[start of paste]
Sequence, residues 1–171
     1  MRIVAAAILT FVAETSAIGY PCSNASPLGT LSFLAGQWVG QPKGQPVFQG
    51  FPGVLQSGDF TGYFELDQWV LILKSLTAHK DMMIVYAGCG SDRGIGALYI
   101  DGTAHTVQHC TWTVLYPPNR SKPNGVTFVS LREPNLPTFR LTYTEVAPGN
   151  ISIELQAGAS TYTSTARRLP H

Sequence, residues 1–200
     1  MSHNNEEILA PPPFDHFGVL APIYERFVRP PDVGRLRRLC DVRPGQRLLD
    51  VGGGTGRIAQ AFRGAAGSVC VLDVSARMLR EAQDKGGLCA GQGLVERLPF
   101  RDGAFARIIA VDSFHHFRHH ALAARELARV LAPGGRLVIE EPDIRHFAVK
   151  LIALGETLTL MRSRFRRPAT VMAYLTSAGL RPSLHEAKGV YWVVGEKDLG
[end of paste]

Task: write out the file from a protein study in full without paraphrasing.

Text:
Sequence, residues 1–171
     1  MRIVAAAILT FVAETSAIGY PCSNASPLGT LSFLAGQWVG QPKGQPVFQG
    51  FPGVLQSGDF TGYFELDQWV LILKSLTAHK DMMIVYAGCG SDRGIGALYI
   101  DGTAHTVQHC TWTVLYPPNR SKPNGVTFVS LREPNLPTFR LTYTEVAPGN
   151  ISIELQAGAS TYTSTARRLP H

Sequence, residues 1–200
     1  MSHNNEEILA PPPFDHFGVL APIYERFVRP PDVGRLRRLC DVRPGQRLLD
    51  VGGGTGRIAQ AFRGAAGSVC VLDVSARMLR EAQDKGGLCA GQGLVERLPF
   101  RDGAFARIIA VDSFHHFRHH ALAARELARV LAPGGRLVIE EPDIRHFAVK
   151  LIALGETLTL MRSRFRRPAT VMAYLTSAGL RPSLHEAKGV YWVVGEKDLG